Kuchi: My life has improved, but security deteriorated
Muhammad Gul Kuchi is the representative of Kuchis in Ghazni. He lives in a village west of the city. He said he had no job eight years ago but he worked at several places during this period. He said his life had also improved in these years.
Kuchi, who is eager to use his vote, said insecurity was the biggest problem of his area. There are also some problems faced particularly by Kuchis. He complained about lack of meadows for their animals and lack of health care.
Peace and reconciliation is his first demand from the next president.
Teacher: Insecurity is the biggest problem
Waliullah, 34, resident of Qarabagh district, is teacher at a middle school for the past five years.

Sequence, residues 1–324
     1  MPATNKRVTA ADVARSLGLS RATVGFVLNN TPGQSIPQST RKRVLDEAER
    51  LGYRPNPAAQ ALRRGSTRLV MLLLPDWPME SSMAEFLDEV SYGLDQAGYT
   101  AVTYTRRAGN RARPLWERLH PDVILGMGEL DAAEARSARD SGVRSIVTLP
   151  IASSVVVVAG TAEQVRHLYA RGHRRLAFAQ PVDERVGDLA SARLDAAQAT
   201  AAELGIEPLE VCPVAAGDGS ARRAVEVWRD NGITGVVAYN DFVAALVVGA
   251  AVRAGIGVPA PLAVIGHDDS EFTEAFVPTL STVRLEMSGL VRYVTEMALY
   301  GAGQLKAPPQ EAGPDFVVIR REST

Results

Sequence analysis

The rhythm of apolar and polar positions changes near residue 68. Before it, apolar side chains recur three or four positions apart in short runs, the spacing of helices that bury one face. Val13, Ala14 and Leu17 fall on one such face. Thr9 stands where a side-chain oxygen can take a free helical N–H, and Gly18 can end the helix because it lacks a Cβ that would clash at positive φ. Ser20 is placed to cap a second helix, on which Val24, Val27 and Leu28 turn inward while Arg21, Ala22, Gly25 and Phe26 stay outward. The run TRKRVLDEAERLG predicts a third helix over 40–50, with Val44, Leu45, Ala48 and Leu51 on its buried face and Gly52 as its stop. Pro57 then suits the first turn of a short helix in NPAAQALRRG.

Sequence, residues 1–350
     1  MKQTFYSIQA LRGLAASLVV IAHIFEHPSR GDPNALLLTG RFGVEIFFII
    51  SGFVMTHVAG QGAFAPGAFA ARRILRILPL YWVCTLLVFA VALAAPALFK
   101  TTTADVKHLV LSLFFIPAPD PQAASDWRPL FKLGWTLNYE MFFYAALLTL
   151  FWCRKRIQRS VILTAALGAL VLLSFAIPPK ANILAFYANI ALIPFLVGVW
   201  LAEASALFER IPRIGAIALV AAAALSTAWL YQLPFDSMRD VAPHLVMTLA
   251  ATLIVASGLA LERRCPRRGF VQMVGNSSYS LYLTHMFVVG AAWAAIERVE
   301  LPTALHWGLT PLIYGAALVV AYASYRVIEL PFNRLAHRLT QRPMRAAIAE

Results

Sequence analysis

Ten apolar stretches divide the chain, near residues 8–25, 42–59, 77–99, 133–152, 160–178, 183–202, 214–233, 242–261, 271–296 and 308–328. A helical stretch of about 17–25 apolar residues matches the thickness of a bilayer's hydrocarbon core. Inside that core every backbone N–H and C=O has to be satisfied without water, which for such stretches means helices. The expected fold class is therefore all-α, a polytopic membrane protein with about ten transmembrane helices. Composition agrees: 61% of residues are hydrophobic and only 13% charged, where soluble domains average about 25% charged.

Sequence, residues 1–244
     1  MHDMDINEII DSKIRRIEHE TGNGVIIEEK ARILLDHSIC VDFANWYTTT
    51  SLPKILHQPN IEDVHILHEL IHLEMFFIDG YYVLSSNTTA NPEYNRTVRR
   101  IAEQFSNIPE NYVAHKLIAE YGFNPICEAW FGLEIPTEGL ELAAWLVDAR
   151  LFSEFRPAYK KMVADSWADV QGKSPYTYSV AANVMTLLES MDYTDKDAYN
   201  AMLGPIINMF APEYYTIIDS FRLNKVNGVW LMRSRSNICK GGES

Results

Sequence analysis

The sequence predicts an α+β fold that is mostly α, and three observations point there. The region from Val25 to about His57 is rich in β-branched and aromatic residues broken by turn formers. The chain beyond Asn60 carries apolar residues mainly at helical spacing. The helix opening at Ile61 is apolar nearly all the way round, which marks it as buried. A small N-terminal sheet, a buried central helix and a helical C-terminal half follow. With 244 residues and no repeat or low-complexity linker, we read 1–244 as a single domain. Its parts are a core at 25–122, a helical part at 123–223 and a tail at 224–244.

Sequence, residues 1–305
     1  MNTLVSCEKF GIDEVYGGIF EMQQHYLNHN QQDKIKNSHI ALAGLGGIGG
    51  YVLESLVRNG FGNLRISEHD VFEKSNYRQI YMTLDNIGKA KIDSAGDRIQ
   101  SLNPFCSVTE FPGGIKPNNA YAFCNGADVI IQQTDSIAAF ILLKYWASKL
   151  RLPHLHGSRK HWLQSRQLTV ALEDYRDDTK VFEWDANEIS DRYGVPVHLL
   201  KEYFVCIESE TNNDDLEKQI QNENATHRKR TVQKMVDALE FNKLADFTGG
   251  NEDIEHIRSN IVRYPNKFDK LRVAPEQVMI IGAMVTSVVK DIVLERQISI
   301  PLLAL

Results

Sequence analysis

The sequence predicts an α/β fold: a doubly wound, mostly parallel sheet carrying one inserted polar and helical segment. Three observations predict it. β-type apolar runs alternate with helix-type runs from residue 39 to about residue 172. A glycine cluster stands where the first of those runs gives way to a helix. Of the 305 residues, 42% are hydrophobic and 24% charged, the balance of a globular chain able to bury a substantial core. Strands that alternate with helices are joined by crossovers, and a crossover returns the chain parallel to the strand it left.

He was doing a labour job in Pakistan six years ago, but now is teaching at a school.
He knows a few of the candidates and wants to vote for a person who can work for peace and security.
According to him, the first problem of his area is insecurity followed by unemployment among youth. He wants to participate in the presidential and provincial council elections but only when he does not have to risk his life to do it.
His foremost demand from the president is restoration of peace and job opportunities for the people. He said a road had been paved in his area and some water provision systems constructed in the past five years.
Dilip Singh: Elect candidate who can serve masses
Dilip Singh, 44, resident of Ghazni City and representative of Sikh community in Ghazni, says his life has improved as compared to the past. He was a candidate for the provincial council in previous elections but was not elected.